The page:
That was an amazing season. I bought Playoff tickets for my bride and her girlfriend (I’m not enough of a fan to brave the cold) and even followed along on TV myself.

    The MVP in that game was Bill Parcells, even if someone else was named. The Giants played excellent football, with nowhere near as many big-name stars as we had. We’d beaten them during the regular season, using some of the lucky breaks that Bills team was so expert at exploiting, but they played better ball then, too.

    If there’s a lesson to be learned, it should be about leadership. Coaching won that season for the Giants… Marv was excellent at bringing the best out of our starts, but Parcells definitely formed a solid team with a conventional (almost said conservative, inappropriate for this site) work ethic that delivered.

    There are too many parallels I could draw to many of our problems to even try… solid leadership, solid team, solid ethic, solid execution. It’s a valuable lesson that applies to just about everything.

  2. Eric Saldanha January 27, 2011 at 4:12 pm #

    @ Leo – yeah, all that master strategy by Parcells (and his DC, Bill Belichick) led to the Bills coming within a foot on Norwood’s kick of winning the game.

  3. Leo Wilson January 28, 2011 at 6:34 am #

    @Eric – All too true. It was an amazing season, and the Bills were an amazing team. I don’t back down from any of what I posted, though. I don’t think it was master strategy that the Giants brought, just great team play vs. the allstars on the our side. We brought that, too, but relied more on the stars than the basics. I wish Marv would come online and comment, see what he says about it.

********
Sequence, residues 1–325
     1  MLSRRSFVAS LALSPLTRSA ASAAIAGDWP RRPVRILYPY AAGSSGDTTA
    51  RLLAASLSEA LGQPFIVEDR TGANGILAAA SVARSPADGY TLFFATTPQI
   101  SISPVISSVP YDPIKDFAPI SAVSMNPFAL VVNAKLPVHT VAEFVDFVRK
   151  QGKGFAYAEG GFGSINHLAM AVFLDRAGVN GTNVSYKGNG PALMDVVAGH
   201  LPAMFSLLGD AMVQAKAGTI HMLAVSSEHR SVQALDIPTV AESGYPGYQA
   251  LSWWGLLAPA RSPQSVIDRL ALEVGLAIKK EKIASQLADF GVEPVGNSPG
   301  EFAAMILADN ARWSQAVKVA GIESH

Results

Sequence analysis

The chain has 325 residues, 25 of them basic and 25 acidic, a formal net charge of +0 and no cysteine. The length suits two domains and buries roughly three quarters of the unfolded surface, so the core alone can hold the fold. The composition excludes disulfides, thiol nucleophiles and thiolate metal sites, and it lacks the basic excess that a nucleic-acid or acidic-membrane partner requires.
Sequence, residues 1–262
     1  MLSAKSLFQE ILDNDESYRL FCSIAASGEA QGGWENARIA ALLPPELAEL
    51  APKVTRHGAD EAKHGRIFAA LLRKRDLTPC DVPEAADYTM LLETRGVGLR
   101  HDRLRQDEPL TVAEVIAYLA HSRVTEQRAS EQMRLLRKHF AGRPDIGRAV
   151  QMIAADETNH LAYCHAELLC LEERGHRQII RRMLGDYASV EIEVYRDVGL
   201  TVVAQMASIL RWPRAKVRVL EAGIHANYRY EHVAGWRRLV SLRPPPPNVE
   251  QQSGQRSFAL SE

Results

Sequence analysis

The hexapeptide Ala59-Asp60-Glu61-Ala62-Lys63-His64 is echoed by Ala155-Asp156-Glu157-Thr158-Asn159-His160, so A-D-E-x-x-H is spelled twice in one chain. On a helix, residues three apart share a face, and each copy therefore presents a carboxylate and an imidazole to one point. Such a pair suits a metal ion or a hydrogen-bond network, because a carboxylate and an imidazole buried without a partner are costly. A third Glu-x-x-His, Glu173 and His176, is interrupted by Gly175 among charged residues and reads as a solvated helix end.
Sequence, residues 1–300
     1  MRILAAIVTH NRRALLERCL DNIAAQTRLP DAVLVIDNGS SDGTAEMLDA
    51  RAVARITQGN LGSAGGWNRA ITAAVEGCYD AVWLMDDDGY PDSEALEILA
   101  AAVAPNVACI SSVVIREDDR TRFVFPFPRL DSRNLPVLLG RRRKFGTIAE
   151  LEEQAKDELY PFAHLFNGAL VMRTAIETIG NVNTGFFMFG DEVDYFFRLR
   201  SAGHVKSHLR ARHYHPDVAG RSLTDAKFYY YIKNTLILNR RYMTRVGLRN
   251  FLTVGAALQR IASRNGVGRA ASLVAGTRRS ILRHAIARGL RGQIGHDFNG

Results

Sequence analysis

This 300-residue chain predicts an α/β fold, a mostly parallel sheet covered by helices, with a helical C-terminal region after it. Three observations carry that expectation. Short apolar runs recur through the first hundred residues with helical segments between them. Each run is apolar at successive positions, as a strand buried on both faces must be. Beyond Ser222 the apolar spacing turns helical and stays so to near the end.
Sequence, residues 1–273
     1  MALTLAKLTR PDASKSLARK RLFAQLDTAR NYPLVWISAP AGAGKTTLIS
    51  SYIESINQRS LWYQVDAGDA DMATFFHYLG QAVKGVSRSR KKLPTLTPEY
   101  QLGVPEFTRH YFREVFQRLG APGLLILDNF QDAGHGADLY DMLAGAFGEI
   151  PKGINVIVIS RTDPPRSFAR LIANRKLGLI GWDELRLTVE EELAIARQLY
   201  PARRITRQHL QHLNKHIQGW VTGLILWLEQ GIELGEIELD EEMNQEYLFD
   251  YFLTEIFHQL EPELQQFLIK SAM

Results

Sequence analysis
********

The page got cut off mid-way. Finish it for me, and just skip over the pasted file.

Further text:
4. Eric Saldanha January 28, 2011 at 9:08 am #

    @ Leo – point taken…the Bills going away from Thurman and being content to leave the defense on the field to get fatigued throughout the game proved fatal.

    I think Marv is in a balcony with Ralph somewhere, hooting about Gonzo’s last song.

  5. Ethan January 28, 2011 at 12:44 pm #

    By age 15, I had already determined that the StuperBore was more about flogging products than athleticism.  I watched it for the BudBowl, which was a very exciting game.  Slept soundly that night, knowing my boys, Bud Light (backed by newcomer Bud Dry) got the job done, 23-21.

  6. Pico January 29, 2011 at 2:51 pm #

    And Ralph coasted on his 50.000.00 investment and providing How many losing seasons?unsigned free agents and players who are now starting for other teams.All this franchise has left are memories.On to TO with a real owner.

  7. Kate January 31, 2011 at 12:04 am #

    Wide Right was well before my time as a Buffalo sports fan, but even so I have to admit in the ten years I’ve been living here I had never heard the story of the post-Super Bowl rally until this anniversary. This was a nice post, Chris. Thanks.

    Good old Buffalo.

Trackbacks/Pingbacks

  1. The Lonesome Kick of Scott Norwood « WNYMedia.net - January 27, 2011

    […] really be looking at articles all day commemorating the 20th anniversary of…Wide Right? Well, yes. As much as I would prefer to be in denial, I must acknowledge this solemn occasion and a […]